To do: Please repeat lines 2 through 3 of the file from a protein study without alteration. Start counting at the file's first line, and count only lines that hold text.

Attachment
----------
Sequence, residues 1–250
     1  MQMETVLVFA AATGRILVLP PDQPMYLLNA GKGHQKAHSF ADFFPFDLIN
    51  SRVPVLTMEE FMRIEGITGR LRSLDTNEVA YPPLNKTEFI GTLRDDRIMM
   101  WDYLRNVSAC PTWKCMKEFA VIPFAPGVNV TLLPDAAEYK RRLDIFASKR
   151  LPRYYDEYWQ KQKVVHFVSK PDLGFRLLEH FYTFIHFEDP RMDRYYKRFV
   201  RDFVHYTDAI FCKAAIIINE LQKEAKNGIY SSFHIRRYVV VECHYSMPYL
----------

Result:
     1  MQMETVLVFA AATGRILVLP PDQPMYLLNA GKGHQKAHSF ADFFPFDLIN
    51  SRVPVLTMEE FMRIEGITGR LRSLDTNEVA YPPLNKTEFI GTLRDDRIMM